Has anyone any idea how to get an almost-three-year-old to stop shouting out BOLLOCKS all the time? I've tried ignoring it but it hasn't worked and though other people find it funny, I'm way past that now. I swear if he shouts it out in Tesco I will just die on the spot.

Tuesday, December 19, 2006

A Plea Specifically to Alice........

Or indeed anyone that knows the answer (which is probably everyone except me). You know I'm knitting the Shedir hat? I just looked at the chart. Hmmmm. Does it read from left to right on each line, or right to left, or zig-zag from one to the other? Maybe I should be able to tell by looking at it, hope there! Actually, I'm thinking that once I know how to read the chart it's going to take me at least a month to learn and remember what the symbols mean. But I'll have a go.

I would really appreciate some assistance................Thanks, blogfriends.

Sunday, December 17, 2006

Odessa (number 4)

I can almost knit these with my eyes closed (so to speak), I've knit so many. Again, this is in cashsoft, though with large, glossy, black beads this time.

I have one more Odessa to knit, this time in Ballad Blue (one can never have enough Odessa hats). Then, it's on to Shedir.

Thursday, December 14, 2006

Best Pic I Could Get....

Well, here you are, you lot. The best picture I could get. You know how children never stop moving.

Frankie was saying she didn't understand why so many people are so mad about knitting socks, for several reasons (you know, small needles, you have to knit two of them, etc, etc.) Frankie prefers to knit hats, and if you look at her blog, you'll see she is excellent at doing so. I like knitting socks, but it's hit and miss as to whether they'll fit. I still wear them, though, whether they're like little boats on my feet (the Koigu stranded stitch ones I made), or whether I have to endure them like you would a tourniquet, cutting off the circulation in an alarming manner (the pink lacy ones where I lost the feeling in my finger for a couple of months, due to knitting on 2mm metal needles). So, I'm taking Frankie's lead, and knitting hats for the time being. Having spotted Alice's Shedir, I must knit that. I've never worked from a chart before, unless you count Forecast, which you can't really, as that pattern was so simple to memorise, you didn't really need the tiny chart in the first place. I may not be up to the task, but I've ordered a ball of Rowan Felted Tweed, in Carbon, anyway. You know, hats are relatively quick to knit, there aren't two to be completed every time, and you get to show a hat off to all and sundry, unlike socks. And hats don't get snagged on our dodgy floors in this house. Not like my socks. I only have one handknit pair left unscathed now - the others all have huge holes in the heels, where I caught them on "things".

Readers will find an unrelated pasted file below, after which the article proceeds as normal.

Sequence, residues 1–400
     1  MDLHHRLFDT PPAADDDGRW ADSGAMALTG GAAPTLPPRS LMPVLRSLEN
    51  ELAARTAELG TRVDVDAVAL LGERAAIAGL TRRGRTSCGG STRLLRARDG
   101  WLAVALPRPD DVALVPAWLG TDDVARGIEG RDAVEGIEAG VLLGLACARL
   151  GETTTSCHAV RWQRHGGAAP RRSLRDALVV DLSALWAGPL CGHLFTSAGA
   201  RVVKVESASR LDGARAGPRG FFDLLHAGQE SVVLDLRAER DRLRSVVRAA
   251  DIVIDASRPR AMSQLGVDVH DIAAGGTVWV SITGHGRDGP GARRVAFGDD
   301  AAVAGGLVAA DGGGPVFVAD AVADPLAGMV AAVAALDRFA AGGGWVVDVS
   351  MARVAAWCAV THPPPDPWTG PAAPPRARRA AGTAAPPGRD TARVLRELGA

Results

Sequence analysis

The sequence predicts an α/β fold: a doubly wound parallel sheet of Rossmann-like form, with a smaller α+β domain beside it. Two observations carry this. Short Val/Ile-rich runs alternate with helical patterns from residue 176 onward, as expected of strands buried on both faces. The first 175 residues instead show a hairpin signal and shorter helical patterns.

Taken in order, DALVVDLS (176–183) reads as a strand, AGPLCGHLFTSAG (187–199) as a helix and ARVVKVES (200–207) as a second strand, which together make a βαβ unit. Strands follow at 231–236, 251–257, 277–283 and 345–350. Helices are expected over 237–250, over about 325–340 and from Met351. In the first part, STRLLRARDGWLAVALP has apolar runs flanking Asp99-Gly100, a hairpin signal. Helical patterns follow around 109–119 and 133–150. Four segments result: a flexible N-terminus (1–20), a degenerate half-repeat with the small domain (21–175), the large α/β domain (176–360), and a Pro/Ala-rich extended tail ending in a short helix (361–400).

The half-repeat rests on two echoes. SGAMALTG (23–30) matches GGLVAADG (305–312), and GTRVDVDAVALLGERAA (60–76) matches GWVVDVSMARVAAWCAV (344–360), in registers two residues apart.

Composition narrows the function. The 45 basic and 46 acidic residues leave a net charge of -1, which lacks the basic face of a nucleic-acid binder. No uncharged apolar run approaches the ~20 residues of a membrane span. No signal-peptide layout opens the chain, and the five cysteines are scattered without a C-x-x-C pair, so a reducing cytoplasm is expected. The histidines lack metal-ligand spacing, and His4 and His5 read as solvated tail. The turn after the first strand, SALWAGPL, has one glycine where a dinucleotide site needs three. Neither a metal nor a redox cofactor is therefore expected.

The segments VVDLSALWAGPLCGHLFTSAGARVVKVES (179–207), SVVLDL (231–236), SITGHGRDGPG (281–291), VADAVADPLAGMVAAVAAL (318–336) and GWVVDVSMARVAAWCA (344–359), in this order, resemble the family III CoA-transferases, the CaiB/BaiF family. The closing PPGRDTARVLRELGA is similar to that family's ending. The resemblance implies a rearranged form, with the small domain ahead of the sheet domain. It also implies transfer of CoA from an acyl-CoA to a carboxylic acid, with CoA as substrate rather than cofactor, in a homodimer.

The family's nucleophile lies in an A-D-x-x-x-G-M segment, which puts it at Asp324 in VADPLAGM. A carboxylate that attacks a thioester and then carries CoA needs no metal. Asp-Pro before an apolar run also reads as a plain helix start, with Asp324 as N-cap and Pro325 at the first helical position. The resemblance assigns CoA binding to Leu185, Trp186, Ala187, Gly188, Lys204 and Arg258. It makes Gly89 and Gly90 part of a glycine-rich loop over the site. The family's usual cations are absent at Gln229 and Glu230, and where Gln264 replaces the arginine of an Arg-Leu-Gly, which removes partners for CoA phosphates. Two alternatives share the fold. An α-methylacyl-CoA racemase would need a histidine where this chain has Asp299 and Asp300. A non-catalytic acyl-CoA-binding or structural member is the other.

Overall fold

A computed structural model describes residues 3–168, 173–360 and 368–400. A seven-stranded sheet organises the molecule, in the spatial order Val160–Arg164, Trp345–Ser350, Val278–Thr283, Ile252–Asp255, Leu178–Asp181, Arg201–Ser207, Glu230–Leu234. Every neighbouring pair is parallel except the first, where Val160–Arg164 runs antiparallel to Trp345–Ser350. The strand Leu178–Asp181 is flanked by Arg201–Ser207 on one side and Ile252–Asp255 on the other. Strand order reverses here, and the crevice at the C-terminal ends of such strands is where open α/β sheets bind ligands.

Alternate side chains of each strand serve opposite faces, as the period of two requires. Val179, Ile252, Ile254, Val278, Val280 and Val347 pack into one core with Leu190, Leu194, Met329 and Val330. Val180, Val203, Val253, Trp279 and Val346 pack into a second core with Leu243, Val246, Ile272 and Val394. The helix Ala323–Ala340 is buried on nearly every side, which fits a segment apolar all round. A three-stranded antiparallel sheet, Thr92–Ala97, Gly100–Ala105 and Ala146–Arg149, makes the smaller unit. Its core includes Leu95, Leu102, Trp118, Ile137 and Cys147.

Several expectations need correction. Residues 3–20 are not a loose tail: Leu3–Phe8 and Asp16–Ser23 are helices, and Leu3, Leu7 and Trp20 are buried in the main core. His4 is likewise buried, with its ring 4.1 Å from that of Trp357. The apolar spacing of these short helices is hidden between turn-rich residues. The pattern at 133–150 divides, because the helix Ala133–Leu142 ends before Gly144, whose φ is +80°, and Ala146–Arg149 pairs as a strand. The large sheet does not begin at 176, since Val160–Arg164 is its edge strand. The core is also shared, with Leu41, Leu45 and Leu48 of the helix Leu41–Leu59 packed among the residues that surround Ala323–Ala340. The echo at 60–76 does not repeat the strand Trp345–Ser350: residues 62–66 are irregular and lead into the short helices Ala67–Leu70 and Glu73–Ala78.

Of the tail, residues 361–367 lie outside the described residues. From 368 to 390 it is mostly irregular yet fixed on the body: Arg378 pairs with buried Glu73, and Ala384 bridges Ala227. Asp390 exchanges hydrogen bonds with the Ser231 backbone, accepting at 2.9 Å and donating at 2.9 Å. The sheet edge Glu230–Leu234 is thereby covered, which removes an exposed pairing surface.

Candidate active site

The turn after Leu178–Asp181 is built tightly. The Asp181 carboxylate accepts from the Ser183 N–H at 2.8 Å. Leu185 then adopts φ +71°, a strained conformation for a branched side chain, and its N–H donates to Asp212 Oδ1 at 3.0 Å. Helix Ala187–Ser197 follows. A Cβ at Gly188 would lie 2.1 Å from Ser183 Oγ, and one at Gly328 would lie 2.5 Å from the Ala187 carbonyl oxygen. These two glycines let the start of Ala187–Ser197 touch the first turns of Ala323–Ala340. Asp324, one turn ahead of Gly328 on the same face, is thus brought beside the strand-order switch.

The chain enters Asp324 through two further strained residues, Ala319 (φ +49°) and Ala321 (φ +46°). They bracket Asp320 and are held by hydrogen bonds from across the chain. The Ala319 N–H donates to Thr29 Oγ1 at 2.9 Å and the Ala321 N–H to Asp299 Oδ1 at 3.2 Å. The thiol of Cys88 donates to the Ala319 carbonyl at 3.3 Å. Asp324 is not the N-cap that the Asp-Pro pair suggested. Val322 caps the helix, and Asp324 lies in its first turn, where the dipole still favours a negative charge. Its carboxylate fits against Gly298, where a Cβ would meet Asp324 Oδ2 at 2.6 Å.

I did finish my skirt (I forgot to mention it) and am very pleased with it. I just put four huge darts around the waist area, and it did the trick of shaping it enough. As the fabric had a lot of stretch in it, it didn't need a zip - I just slip it on. No photos yet, as I can't get a decent one.

Tuesday, December 12, 2006

It's Christmas-time!

I know, I know, it's been so long since I've posted that I've almost forgotten how to do it. It's that time of year when we have so much more to get done, and also I've just been kind of revelling in feeling festive, which means a lot of "sitting and taking in the atmosphere". And which also means I still haven't written any Christmas cards or wrapped any presents. At least I have my tree up now. We've had the same one for seven years and it's still thriving, which is incredible, given my track record with tending anything green. Mind you, putting the tree up isn't a problem - it's taking it down again. One year I couldn't be bothered to take it down until March, as I'm often reminded by my friends. The tree became an adorned skeleton in the corner of the room. I couldn't understand why it offended so many people. I was 20 and had just bought my first house. I think it was my way of saying I could do what I wanted. Well, that and drinking brandy at 10 in the morning before a stint of the dreaded Christmas Shopping Experience. Not so that I was too much the worse for wear, you understand; just a little fuzzy around the edges. Sometimes I think I could do with that now, but I couldn't face drinking so early in the day. And not more than about two and a half units at once. Boring, I know, but I don't want my first hangover in twelve years. I'm rambling - sorry.